IC can even determine something as simple as the type of water to which the part was exposed. A genuine component would only be exposed to deionized water while counterfeits are often rinsed with tap water. Looking for the telltale signs of tap water can quickly identify a counterfeit.
Scanning Acoustic Microscopy (SAM), a form of ultrasound, has been demonstrated to be an effective anti-counterfeiting screening tool. SAM uses cyclical sound waves to determine density differences within a sample.
SAM can be focused at different depths within the component to locate potential irregularities. When focused on the surface, SAM can show evidence of relabeling and, when compared to a known good component, it can show differences in surface texture indicative of blacktopping. When focused slightly subsurface, SAM can detect scratch marks under a layer of blacktopping. And, when focused inside the component, SAM can detect evidence of prior use and rework such as cracking, voiding and delamination.
There are several thermal analysis techniques that can be employed on a small sampling of the component body. Thermal analysis measures some chemical or mechanical property as a function of temperature.
One technique, Differential Scanning Calorimetry (DSC) measures chemical reactions as a function of temperature. Reactions such as melt point, glass transition temperature, crystallinity and heat capacity are all properties inherent to specific polymers which DSC can measure. A small sample can be removed from a suspect component, tested and compared to known values of an authentic part. If a counterfeiter has altered the component body by adding a different polymer, DSC can detect this variation.
Another technique, Thermogravimetric Analysis (TGA), measures weight loss as a function of temperature. This method is useful in that different polymers decompose (lose weight) at different temperatures. Again, when comparing the component body of a suspect part to a known good part, if blacktopping is present or the component body has been altered, TGA can make these differences obvious.
Finally, Thermomechanical Analysis (TMA) measures dimensional change as a function of temperature. Two significant properties which can be examined are the softening point and coefficient of thermal expansion (CTE) of a polymer. Different polymers or even the same polymer with different amounts of fillers will produce different softening points and CTE’s.
All of these techniques can detect a potential counterfeit component from either a small scraping or a small cube of the component body. Additionally, all of the data can be compiled into a library so the properties of authentic components can be centralized and used for future comparisons.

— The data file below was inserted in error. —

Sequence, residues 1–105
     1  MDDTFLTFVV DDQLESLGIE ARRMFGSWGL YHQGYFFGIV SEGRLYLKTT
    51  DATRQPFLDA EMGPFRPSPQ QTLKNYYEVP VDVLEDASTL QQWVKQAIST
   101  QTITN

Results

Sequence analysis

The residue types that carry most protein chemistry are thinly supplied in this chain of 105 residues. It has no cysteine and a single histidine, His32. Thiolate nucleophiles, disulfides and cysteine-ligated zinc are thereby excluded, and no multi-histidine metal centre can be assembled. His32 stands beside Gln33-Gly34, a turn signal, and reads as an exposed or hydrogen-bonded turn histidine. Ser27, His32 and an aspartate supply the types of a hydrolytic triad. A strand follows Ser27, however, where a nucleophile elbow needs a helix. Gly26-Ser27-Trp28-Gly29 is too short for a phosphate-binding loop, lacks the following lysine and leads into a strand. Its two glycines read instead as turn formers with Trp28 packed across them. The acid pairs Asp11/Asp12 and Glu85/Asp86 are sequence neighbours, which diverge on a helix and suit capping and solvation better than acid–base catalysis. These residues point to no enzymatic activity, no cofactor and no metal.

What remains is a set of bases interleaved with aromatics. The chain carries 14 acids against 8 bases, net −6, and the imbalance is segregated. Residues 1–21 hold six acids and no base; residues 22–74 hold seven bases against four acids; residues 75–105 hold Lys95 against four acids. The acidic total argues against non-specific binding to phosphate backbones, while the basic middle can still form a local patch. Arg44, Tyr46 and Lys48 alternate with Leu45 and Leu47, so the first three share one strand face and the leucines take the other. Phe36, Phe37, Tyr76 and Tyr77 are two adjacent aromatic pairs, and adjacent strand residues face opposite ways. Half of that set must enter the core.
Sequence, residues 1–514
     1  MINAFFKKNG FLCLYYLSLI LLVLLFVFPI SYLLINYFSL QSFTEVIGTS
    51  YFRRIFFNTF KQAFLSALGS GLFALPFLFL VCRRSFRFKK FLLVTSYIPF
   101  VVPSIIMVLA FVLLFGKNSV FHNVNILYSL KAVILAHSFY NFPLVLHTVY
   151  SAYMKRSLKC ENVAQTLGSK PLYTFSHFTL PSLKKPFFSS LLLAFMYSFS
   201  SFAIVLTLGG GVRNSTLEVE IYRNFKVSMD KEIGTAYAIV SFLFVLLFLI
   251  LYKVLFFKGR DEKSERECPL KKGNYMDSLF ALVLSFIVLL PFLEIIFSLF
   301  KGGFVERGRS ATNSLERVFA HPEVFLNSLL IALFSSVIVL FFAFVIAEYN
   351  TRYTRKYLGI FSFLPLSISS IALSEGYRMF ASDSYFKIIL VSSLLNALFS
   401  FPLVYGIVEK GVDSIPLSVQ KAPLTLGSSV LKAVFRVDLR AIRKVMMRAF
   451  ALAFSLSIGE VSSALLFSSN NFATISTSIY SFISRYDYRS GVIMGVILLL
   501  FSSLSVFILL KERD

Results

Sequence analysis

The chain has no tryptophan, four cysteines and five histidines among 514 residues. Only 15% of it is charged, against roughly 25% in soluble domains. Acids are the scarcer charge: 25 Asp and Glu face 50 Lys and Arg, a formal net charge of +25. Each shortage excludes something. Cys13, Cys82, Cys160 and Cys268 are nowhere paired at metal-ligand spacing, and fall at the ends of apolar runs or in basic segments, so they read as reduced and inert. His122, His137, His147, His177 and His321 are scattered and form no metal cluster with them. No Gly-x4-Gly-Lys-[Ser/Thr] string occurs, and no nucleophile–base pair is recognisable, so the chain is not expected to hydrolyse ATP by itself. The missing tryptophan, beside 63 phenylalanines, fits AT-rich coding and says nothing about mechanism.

In conclusion, it has become evident that success in the battle against counterfeiting cannot be guaranteed by only employing a rigid series of tests. Specifying a list of several screening tests on a purchasing document will only allow the counterfeiter to determine how to evade detection. Efforts to detect and prevent counterfeiting of electronic components must show the same creativity and determination the counterfeiters show. There are a variety of anti-counterfeiting techniques that are in use, being developed and yet to be discovered. All will be needed to ensure only authentic components make their way into finished products.
John Radman is currently the Senior Technical Director of Trace Laboratories. John has a BS in Physics from University of Maryland and has worked for Trace Labs since 1989. John heads a group of engineers and scientists that specialize in the areas of contamination and root cause failure analysis. Our primary focus is on electronics and materials testing which includes new product development and material properties comparison. Recent work has focused on the electronics industry shift towards Pb-free alternatives. John is the author of many articles and technical presentation on topics, which include failure analysis, test techniques and RoHS compliance. John is the Chairman of the IPC Ion Chromatography/Ionic Conductivity Task Group and Vice Chair of IPC/UL 796F and 746F Task Group, treasury of the Rocky Mount Chapter of SMTA and an active member of ASTM, American National Standards Institute (ANSI), ASM International and Electronic Device Failure Analysis Society (EDFAS).
Dan Phillips is currently a Test Engineer at Trace Laboratories. Dan has a BS in Physics from McDaniel College and has worked for Trace Labs since 2006. Dan is a trained counterfeit components inspector; additionally, he specializes in product qualification and tin whisker testing, as well as contamination analysis.